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Williamson v. Lashbrook

United States District Court, S.D. Illinois

July 11, 2018

DEANTHONY WILLIAMSON, Plaintiff,
v.
JAQUIEL LASHBROOK, and ILLINOIS DEPARTMENT OF CORRECTIONS, Defendants.

          MEMORANDUM AND ORDER

          MICHAEL J. REAGAN CHIEF JUDGE

         Plaintiff DeAnthony Williamson, a former inmate at Menard Correctional Center (“Menard”), brings this action pursuant to 42 U.S.C. § 1983 for alleged deprivations of his constitutional rights. In his Complaint, Plaintiff claims the defendants subjected him to unlawful imprisonment by keeping him imprisoned past his proper parole date. (Doc. 1). This case is now before the Court for a preliminary review of the Complaint pursuant to 28 U.S.C. § 1915A, which provides:

(a) Screening - The court shall review, before docketing, if feasible or, in any event, as soon as practicable after docketing, a complaint in a civil action in which a prisoner seeks redress from a governmental entity or officer or employee of a governmental entity.
(b) Grounds for Dismissal - On review, the court shall identify cognizable claims or dismiss the complaint, or any portion of the complaint, if the complaint-
(1) is frivolous, malicious, or fails to state a claim on which relief may be granted; or
(2) seeks monetary relief from a defendant who is immune from such relief.

         An action or claim is frivolous if “it lacks an arguable basis either in law or in fact.” Neitzke v. Williams, 490 U.S. 319, 325 (1989). Frivolousness is an objective standard that refers to a claim that any reasonable person would find meritless. Lee v. Clinton, 209 F.3d 1025, 1026-27 (7th Cir. 2000). An action fails to state a claim upon which relief can be granted if it does not plead “enough facts to state a claim to relief that is plausible on its face.” Bell Atlantic Corp. v. Twombly, 550 U.S. 544, 570 (2007). The claim of entitlement to relief must cross “the line between possibility and plausibility.” Id. at 557. At this juncture, the factual allegations of the pro se complaint are to be liberally construed. See Rodriguez v. Plymouth Ambulance Serv., 577 F.3d 816, 821 (7th Cir. 2009).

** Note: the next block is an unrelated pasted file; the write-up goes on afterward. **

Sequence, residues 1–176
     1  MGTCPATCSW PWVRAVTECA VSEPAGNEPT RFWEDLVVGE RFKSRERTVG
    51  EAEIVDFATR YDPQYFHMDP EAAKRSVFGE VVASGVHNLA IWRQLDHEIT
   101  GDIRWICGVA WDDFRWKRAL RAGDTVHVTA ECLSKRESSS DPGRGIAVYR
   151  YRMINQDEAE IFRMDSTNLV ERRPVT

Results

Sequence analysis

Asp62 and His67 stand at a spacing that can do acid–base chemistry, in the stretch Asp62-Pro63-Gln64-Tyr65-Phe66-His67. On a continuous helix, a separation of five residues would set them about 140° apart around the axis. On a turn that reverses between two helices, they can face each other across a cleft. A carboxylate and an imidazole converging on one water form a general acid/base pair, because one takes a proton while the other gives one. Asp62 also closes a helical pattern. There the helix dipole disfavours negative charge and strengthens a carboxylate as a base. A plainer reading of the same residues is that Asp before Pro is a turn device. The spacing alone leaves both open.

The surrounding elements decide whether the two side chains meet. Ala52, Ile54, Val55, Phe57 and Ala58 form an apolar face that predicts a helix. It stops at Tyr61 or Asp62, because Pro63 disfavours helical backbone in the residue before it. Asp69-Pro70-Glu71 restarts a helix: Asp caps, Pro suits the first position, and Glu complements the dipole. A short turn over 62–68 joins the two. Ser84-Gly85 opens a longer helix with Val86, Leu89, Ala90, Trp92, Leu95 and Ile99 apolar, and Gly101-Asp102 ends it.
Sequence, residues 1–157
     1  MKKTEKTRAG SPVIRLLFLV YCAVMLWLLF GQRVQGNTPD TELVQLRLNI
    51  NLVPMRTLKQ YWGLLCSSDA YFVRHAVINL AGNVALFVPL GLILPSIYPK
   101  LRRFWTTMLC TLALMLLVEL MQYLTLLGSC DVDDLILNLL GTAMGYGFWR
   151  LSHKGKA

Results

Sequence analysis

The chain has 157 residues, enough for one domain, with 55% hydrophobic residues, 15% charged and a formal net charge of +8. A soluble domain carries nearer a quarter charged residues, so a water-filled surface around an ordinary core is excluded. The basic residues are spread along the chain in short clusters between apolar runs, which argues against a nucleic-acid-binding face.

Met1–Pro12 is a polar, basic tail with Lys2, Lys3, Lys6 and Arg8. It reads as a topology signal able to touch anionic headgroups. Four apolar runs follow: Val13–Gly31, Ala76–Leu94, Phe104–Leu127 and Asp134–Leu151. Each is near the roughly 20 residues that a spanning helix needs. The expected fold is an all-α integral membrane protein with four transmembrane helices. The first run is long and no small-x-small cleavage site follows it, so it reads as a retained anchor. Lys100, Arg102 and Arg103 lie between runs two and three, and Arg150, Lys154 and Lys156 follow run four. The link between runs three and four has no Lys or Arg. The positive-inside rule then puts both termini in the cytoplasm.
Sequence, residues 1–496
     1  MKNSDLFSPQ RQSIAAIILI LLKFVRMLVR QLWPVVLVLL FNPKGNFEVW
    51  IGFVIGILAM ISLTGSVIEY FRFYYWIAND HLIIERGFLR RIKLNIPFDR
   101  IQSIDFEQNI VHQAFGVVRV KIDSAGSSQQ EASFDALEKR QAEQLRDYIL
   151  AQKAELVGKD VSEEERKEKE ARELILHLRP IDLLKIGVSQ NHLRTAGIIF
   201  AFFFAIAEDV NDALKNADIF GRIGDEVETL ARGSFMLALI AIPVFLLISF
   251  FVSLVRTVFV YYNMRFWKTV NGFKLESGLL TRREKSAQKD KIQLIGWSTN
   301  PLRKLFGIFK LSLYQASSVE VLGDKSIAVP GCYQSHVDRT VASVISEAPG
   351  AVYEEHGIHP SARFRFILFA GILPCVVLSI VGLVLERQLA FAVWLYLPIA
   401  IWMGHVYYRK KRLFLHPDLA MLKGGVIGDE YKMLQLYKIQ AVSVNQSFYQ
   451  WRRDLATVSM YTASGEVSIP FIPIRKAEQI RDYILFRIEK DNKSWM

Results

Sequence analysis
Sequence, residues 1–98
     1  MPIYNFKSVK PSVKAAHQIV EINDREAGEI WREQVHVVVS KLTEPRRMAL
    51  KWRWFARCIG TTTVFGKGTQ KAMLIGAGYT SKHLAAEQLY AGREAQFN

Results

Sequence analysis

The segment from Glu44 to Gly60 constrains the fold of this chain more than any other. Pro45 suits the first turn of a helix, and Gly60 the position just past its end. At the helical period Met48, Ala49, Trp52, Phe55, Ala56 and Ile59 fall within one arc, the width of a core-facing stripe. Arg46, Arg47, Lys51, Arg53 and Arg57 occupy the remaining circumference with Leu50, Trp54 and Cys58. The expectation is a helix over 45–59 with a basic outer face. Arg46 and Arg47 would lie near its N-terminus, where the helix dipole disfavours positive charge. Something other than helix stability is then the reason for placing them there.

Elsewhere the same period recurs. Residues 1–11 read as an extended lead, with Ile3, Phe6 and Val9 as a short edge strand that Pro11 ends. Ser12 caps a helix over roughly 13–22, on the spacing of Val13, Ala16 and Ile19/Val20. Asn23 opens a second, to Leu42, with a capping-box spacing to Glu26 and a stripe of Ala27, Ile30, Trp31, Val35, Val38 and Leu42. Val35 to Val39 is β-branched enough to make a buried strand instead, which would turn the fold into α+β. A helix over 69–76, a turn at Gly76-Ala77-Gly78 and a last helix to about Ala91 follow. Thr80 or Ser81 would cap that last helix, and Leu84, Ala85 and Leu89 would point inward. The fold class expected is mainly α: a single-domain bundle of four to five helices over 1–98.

Upon careful review of the Complaint and any supporting exhibits, the Court finds it appropriate to dismiss this case for failure to state a claim upon which relief may be granted.

         The Complaint

         In his Complaint (Doc. 1), Plaintiff seeks to hold the Illinois Department of Corrections (“IDOC”) and Menard accountable for his unlawful imprisonment beginning February 11, 2018. (Doc. 1, p. 5). He refers to the various exhibits attached to the Complaint to support his claim. The judgment Plaintiff attached indicates that he received a six-year prison sentence with one year of mandatory supervised release on November 5, 2015. (Doc. 1, p. 7). He was also credited 293 days for previous time served. Id. An offender disciplinary report attached to the Complaint dated January 6, 2017 indicates that Plaintiff was charged with a major infraction for “106 -Escape or Runaway” and “307 - Unauthorized Movement” for failing to return to Crossroads ATC on September 7, 2016 after signing out of the center on a work pass. (Doc. 1, p. 9). The report notes that Plaintiff was apprehended on December 8, 2016, after having been “unauthorized for approximately 90 days.” (Doc. 1, p. 10). A handwritten note on the report indicates that Plaintiff was returned to IDOC on January 6, 2017. Id.

         Plaintiff was found guilty of the infraction and sentenced to, among other things, a disciplinary transfer and the revocation of one year of good conduct credit. (Doc. 1, p. 11). The revocation of Plaintiff's good conduct credit was later expunged on February 27, 2017. Id. Plaintiff's mandatory supervised release date was eventually recalculated by Menard and set at June 9, 2018. (Doc. 1, p. 16). Plaintiff wrote a letter, attached to the Complaint, claiming that his mandatory supervised release date should have been set at February 11, 2018, its original date, rather than June 9, 2018. Id. He also wrote several grievances complaining about this issue. (Doc. 1, pp. 17, 19-25). The responses to Plaintiff's grievances indicated that the extension reflected the time Plaintiff spent out of custody, 3 months and 28 days. (Doc. 1, pp. 17, 20, 22, 24).

         Plaintiff seeks payment from the defendants for each day he was held after February 11, 2018. (Doc. 1, p. 6).

         Discussion

         Based on the allegations of the Complaint, the Court finds it convenient to designate a single count in this pro se action. The parties and the Court will use this designation in all future pleadings and orders, unless otherwise directed by a judicial officer of this Court. The ...


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